If Hammond has a strength, it’s definitely finding long, young talents from far-flung places. While Harris and Larry Sanders were both brilliant picks, selecting Antetokounmpo is an all-time great pick, lifting a potential superstar from the middle of the first round. While we’ve all come to know and love Antetokounmpo during his short time in the league, there was not nearly so much buzz around him the moment he was selected:
If even the incredibly optimistic Fran Frischilla doubts a player’s ability to play with strength in the NBA game, there’s reason to believe he’s right. But Antetokounmpo has shattered all of our expectations from day one, instantly becoming a regular rotation player and improving dramatically from last season to this one.
Antetokounmpo only turned 20 last week. He possesses one of the highest trade values of any player in the league.
2. Extending Larry Sanders at the Right Time
In 2013–14, the $3 million that Sanders earned in the final year of his four-year rookie deal might as well have been flushed down the toilet from Hammond’s perspective. Sanders played 23 uncharacteristically subpar games in between a thumb injury, eye injury, and some pretty unsavory off-court issues. Seeing as the Bucks had just extended Sanders for four years, $44 million in August of 2013 (that contract starting at the beginning of this season), it looked like a lot more of their money would be going down the toilet as well.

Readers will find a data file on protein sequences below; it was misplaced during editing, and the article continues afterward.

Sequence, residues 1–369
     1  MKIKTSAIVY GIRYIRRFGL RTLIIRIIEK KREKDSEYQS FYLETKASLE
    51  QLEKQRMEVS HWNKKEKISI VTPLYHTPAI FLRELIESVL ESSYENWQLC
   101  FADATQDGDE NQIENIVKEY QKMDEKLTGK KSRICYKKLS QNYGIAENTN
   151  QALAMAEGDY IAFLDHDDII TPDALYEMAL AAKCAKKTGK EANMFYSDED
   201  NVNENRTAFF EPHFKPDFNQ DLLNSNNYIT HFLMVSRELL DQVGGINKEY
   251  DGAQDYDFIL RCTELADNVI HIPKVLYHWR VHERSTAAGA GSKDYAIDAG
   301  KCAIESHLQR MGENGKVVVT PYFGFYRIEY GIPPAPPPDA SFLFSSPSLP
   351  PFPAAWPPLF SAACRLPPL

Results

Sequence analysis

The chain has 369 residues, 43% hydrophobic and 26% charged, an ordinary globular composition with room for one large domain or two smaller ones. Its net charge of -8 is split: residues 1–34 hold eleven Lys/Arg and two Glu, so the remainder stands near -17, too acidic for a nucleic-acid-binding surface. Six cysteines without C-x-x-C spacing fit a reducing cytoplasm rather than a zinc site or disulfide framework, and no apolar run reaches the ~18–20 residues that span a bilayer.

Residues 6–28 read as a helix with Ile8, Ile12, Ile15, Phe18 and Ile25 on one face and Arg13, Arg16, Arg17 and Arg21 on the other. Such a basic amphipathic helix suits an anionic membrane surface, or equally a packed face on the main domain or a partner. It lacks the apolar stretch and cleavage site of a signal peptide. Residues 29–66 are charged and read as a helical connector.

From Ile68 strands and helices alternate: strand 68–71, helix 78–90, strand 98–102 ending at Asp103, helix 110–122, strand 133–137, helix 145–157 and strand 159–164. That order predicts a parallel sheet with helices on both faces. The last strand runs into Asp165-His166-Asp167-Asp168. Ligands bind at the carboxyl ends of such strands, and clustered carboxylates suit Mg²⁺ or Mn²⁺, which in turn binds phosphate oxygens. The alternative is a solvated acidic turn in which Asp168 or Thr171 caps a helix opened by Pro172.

Not so fast. Sanders is back to his elite performance as a shot blocker and paint protector. There is still a ton for him to learn, especially offensively, but this is a dude with fewer career minutes than young guns like Avery Bradley, Norris Cole, or Enes Kaner. Plus, Sanders is the same age as guys like Miles Plumlee, Chandler Parsons, and Mike Scott—players who are still thought to be developing.
If Hammond had waited until Sanders became a restricted free agent last summer, it’s very possible that another team would have submitted a high offer sheet that the Bucks would have been unable to match. With lucrative new TV contracts expected to significantly lift the salary cap before the 2016–17 season, young players have been receiving monster deals. Alec Burks of the Utah Jazz received a four-year, $41 million deal; Kemba Walker of the Charlotte Hornets got four years, $48 million; Kenneth Faried of the Denver Nuggets got four years, $50 million; and Ricky Rubio of the Minnesota Timberwolves got four years, $55 million. While these are all very talented players, none of them are capable of anchoring a defense like Sanders can.
3. Fleecing the Detroit Pistons: The Brandon Jennings Trade
In July of 2013, Hammond engineered one of the most one-sided trades in recent memory. In exchange for Brandon Jennings (three-year, $24 million deal), the Bucks received Brandon Knight, Khris Middleton, and Viacheslav Kravstov (who has since washed out of the league). Jennings is in the middle of his second straight year shooting under 40 percent from the field for the uninspiring Pistons, while Knight has emerged as a capable starting point guard and floor leader, and Middleton as a gunner with uncanny accuracy.
The Pistons probably should have asked themselves why Milwaukee was unwilling to stick with Jennings on such a comparatively small deal. Their loss was Milwaukee’s gain, who has the inside edge on retaining both Knight and Middleton as they head into restricted free agency this summer.
What’s more, I’ve gotten this whole way without mentioning the reason to perhaps be most excited for Milwaukee’s future: Jabari Parker. Right now Parker is averaging more points per 36 minutes (14.9) than Kevin Garnett (13.1), Dwight Howard (13.2), and Chris Bosh (12.3) averaged in their age-19 seasons. The future is bright in Milwaukee indeed.